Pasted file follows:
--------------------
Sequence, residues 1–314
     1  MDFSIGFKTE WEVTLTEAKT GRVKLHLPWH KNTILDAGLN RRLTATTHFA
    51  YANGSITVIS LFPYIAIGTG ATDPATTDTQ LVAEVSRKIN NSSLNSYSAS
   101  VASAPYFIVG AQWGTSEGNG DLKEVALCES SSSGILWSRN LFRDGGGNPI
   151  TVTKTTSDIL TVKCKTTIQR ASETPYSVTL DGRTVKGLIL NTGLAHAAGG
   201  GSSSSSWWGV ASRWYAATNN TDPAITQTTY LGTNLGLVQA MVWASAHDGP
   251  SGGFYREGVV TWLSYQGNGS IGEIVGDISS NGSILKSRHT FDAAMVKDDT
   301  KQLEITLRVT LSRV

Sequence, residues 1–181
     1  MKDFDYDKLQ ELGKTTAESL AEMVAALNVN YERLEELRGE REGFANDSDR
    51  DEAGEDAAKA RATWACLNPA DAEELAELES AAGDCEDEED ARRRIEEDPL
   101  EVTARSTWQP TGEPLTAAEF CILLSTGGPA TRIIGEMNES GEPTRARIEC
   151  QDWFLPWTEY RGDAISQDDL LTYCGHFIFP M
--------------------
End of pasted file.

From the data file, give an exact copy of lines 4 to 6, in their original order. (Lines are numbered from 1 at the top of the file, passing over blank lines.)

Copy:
   101  VASAPYFIVG AQWGTSEGNG DLKEVALCES SSSGILWSRN LFRDGGGNPI
   151  TVTKTTSDIL TVKCKTTIQR ASETPYSVTL DGRTVKGLIL NTGLAHAAGG
   201  GSSSSSWWGV ASRWYAATNN TDPAITQTTY LGTNLGLVQA MVWASAHDGP